Sustainability. It's a trending business initiative and seems like it's everywhere these days, making it's way into the C-suite at companies. But beyond this trend, what does sustainability actually mean, and more importantly, what does it look like in action?
Sustainability is the "ability to be maintained at a certain rate or level" or "avoidance of the depletion of natural resources in order to maintain an ecological balance", according to the Oxford Languages dictionary. In reality, for companies with new sustainability initiatives, it means finding new ways to offset or reduce their carbon footprint without disruption to their operations.
Many corporations are following governmental and competitor led Environmental, Social, and Governance (ESG) initiatives by declaring goals to reach net-zero emissions by 2050. Some companies are even taking on more aggressive timelines and setting their sights on net-zero as early as 2025.
To reach an aggressive goal like this, corporations have begun to appoint and hire sustainability executives whose sole purpose is to reach that end goal of net-zero emissions. (For those unfamiliar with the term, net-zero means offsetting greenhouse gas emissions with carbon-negative actions, or taking emissions out of the atmosphere).
Sustainability positions are relatively new, and without many examples to follow, many sustainability executives are blazing new paths forward towards aggressive sustainability initiatives. With stakeholder pressure building, corporate sustainability managers must translate their sustainability initiatives into operational plans for their business to align with their stakeholders' approval.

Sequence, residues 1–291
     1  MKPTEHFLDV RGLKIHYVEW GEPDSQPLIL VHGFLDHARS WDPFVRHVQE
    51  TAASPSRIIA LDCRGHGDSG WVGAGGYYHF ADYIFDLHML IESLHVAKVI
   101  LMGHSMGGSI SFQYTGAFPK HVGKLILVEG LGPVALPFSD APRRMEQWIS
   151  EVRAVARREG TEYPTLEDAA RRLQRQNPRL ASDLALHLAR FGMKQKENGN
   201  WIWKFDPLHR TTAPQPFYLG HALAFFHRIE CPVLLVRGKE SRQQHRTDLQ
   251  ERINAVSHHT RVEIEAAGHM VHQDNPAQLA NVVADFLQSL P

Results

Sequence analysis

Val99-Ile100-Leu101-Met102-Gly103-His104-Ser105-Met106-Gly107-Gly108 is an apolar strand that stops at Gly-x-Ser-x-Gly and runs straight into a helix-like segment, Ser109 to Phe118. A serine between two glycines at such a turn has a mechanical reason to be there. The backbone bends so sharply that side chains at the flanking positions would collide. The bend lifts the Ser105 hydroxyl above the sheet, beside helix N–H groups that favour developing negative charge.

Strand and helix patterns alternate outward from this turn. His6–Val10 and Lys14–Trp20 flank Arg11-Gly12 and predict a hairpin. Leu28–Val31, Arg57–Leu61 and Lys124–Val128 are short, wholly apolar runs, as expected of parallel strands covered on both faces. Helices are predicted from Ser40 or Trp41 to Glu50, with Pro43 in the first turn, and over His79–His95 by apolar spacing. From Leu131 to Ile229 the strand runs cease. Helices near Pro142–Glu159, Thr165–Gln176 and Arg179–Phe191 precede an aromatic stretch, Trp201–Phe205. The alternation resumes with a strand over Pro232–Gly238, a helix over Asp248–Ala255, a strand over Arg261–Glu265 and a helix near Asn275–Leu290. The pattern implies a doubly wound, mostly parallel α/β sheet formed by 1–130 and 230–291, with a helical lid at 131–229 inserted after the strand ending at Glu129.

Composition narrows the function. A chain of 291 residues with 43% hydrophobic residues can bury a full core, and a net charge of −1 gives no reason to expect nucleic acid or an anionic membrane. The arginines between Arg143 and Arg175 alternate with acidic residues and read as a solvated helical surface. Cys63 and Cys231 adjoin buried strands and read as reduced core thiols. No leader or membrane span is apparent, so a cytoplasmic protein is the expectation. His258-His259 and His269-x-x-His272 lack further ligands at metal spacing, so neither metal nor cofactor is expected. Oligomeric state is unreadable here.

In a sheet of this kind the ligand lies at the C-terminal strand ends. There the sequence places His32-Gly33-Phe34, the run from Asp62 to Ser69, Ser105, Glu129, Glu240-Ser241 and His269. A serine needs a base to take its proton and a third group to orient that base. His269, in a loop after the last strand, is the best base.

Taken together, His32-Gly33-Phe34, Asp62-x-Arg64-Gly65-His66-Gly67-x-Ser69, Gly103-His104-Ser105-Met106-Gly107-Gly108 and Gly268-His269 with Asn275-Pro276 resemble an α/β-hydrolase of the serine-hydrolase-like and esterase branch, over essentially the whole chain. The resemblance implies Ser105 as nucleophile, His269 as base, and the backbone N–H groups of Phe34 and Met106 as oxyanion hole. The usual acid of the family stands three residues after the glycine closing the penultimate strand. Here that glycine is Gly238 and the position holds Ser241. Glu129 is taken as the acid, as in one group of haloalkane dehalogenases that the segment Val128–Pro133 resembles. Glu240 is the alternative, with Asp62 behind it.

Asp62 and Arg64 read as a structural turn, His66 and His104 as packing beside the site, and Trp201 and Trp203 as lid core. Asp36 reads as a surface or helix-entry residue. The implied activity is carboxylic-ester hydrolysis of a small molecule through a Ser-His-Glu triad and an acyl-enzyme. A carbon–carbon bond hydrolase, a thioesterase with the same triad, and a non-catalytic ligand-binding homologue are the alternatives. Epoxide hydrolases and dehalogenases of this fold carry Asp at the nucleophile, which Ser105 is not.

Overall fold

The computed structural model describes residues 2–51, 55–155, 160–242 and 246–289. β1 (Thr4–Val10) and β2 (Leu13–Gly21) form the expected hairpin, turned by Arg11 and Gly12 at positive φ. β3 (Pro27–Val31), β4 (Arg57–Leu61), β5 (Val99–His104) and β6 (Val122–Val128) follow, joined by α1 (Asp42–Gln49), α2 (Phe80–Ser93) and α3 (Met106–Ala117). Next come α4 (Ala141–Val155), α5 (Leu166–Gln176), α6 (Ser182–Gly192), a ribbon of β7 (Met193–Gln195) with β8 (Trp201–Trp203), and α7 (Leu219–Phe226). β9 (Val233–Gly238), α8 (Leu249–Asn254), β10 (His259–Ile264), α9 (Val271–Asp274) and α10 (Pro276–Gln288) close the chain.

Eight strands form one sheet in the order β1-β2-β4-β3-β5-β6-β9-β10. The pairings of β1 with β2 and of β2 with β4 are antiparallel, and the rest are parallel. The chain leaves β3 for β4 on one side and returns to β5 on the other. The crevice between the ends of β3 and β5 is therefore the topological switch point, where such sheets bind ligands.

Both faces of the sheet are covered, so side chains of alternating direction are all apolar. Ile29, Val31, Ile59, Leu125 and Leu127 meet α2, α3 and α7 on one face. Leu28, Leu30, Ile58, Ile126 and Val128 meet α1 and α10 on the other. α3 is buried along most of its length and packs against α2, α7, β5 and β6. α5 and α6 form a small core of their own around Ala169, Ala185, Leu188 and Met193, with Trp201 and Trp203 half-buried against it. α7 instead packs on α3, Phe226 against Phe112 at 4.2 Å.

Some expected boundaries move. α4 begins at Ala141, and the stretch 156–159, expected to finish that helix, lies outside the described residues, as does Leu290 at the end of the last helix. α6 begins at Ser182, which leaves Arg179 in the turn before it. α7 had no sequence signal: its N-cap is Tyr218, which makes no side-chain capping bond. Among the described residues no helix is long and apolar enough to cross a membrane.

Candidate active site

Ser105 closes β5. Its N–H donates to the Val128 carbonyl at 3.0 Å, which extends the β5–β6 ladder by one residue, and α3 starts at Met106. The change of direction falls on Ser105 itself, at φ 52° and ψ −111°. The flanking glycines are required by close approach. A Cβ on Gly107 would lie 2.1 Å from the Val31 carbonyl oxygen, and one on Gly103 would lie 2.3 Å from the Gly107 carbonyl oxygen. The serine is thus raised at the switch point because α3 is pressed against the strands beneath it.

Gina McCarthy, former administrator of the Environmental Protection Agency and current White House National Climate Advisor, spoke at the Aspen Institute's Aspen Ideas: Re$et conference on Tuesday February 23rd and gave the example of President Biden's "whole-of-government approach" towards climate change and sustainability. This means they're undertaking the task of making sustainable changes throughout the whole of our government-run entities as those changes come due. Examples include replacing government vehicles with electric vehicles as each vehicle depreciates enough to age out of the fleet, and mandating more of each department budget be used to invest in clean energy solutions and infrastructure. This approach could be likened to replacing a standard lightbulb with an LED lightbulb, but only when the standard lightbulb burns out.
Chief Sustainability Officers, including Jeffrey Fulgham with GE Water, split their goals into internal and external goals. Fulgham has said that he has focused on reducing waste and the company's internal footprint, and has simultaneously focused on finding cleantech investments to help the company reduce their consumption of non-renewables.
Most sustainability executives are taking the latter approach to achieve their goals.
Internal footprint and waste reduction is often achieved by replacing old office equipment with new ENERGY STAR rated office equipment and technology, reducing the purchase and use of single-use water bottles by installing an in-office tap filter, minimizing the use of single-use cups and plates and cutlery and replacing them with reusable options, and supporting Fair Trade companies when it comes time to choose a coffee and tea distributor.
Investing in clean energy infrastructure not only offsets greenhouse gas emissions, but also produces clean electricity. The most common investments into clean energy are made in solar, batteries, and wind. Each of these are highly dependent upon the local weather and geography, and we're seeing more and more sustainability executives investigate and ultimately invest in solar as part of their operational plans to meet their corporate sustainability goals. Read about the most common paths to installing solar here.
Sustainability executives have their work cut out for them, and we're here to support them while they work hard to achieve their corporate initiatives and play a part in a larger goal to quite literally change the world.